The world of industrial-grade materials like PA12 (Nylon Polyamide 12) or PolyJet was virtually inaccessible to the general public or artists without connections. (This later changed with the arrival of Shapeways and other online 3D printing bureaus offering a variety of materials and finishes, including as exciting options as metals, elastomers and even porcelain.)
However, the actual development of 3D printable materials was not as rapid as it had been portrayed in the media, nor was the speed of the FDM machines improving as quickly as the public wanted. The price was not dropping as quickly as expected. By hastily reporting all the freshly discovered facts on the topic of additive manufacturing the press created a falsified image of the actual state of 3D printing that has its repercussions to this day.
To summarise: the way the design media wanted to present desktop 3D printing AD 2012 to be a maverick of accidental engineering developing at the astounding rates, widely accessible, easy to use and for virtually every application, painted a false image that is often obfuscating the understanding of the true potential and reliability of 3D printing. In reality, the situation resembled a narrow shutter slowly un-obfuscating the effects of work from the past 25 years of development.
Another misunderstanding that still affects the clear understanding of possible additive manufacturing solutions in the fashion context stems from the lack of clear demarcation of two separate types of printing achievable on two separate types of machines: industrial and consumer (desktop, hobby). Understanding the difference between industrial and consumer (desktop) 3D printing is key to managing the expectation of the customer/student/designer who would like to implement the elements of 3D printing in their production process. It encompasses the replicability, wearability and accessibility problems mentioned earlier.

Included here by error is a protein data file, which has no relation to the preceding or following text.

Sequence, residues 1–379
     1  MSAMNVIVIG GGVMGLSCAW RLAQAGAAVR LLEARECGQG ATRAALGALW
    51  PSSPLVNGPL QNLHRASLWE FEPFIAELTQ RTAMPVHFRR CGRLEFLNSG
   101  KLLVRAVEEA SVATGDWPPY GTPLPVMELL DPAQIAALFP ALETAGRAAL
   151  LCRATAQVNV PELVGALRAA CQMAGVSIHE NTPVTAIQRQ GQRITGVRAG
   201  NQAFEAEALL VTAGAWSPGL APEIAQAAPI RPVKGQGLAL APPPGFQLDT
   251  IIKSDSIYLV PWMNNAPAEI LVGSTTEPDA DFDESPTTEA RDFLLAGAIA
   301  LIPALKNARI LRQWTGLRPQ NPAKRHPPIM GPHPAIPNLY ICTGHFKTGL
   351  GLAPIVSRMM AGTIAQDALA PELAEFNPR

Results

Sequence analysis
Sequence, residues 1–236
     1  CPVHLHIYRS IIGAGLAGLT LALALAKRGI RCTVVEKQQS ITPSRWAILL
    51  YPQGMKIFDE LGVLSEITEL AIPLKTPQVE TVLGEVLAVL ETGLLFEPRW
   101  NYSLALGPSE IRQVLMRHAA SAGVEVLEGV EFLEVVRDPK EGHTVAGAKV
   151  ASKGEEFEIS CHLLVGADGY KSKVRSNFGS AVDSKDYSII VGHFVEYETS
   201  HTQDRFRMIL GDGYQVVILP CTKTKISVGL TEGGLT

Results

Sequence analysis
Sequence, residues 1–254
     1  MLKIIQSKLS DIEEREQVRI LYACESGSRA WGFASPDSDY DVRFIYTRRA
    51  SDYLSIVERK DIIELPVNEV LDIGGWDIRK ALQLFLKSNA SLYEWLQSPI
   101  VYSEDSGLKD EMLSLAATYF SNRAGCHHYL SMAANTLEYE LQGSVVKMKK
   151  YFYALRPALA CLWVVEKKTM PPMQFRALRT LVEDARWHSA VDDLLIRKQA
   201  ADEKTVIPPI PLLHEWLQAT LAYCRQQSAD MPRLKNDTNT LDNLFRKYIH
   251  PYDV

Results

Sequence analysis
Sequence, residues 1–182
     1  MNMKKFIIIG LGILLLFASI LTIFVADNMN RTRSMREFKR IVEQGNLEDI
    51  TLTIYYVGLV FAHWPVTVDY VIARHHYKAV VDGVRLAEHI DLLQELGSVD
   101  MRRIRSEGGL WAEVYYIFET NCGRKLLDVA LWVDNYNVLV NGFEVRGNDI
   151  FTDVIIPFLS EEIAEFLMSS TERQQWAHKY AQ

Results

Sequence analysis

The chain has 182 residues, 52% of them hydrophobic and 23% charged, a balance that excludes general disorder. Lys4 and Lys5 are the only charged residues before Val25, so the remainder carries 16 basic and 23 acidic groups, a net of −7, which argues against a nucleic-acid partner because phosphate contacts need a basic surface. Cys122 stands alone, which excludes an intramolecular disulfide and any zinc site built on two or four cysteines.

The first fact crucial to understand is that the haute-couture 3D printed forms from designers like Iris van Herpen are created on industrial machines and, despite the same .stl file format and potentially similar thermoplastics used, similar results are not replicable on the desktop 3D printer in terms of size, colour and quality of the part.
The machines are furthermore backed up by machine manufacturers’ expertise and operator’s experience, which aids to the perfect finish of the 3D printed parts. Designers like Iris have thus almost unlimited and prioritised access to the resource that is otherwise difficult to access in terms of prohibitive pricing structure, long shipping and lead times. Having said that, this is progressively changing with the emergence of Direct On-Demand Manufacturing Services offered directly via machine manufacturers, and 3D printing bureaus diversifying their printer portfolio.
Secondly, it is paramount to understand that the designs of Iris van Herpen are translated into the virtual realm by a team of skilled CAD designers and modelers. Designing in CAD is a skill that has been, and still is, widely overlooked while presenting the ‘all accessible’ and ‘democratised’ world of 3D printing. Almost all resources I had encountered on the subject of Fashion design in the context of 3D printing mention CAD as something that can be quickly acquired on a basic level, then move promptly to 3D scanning and possible body scans. This is not how it works at the moment, and the lack of ability/practice/talent in the field of Computer Aided Design in creating print-ready files that could have similar aesthetic standard to the such elaborate and organic structures and surfaces takes years of hard work and dedication to master. It is one of the greatest sources of disappointment that I have witnessed while working with students so far.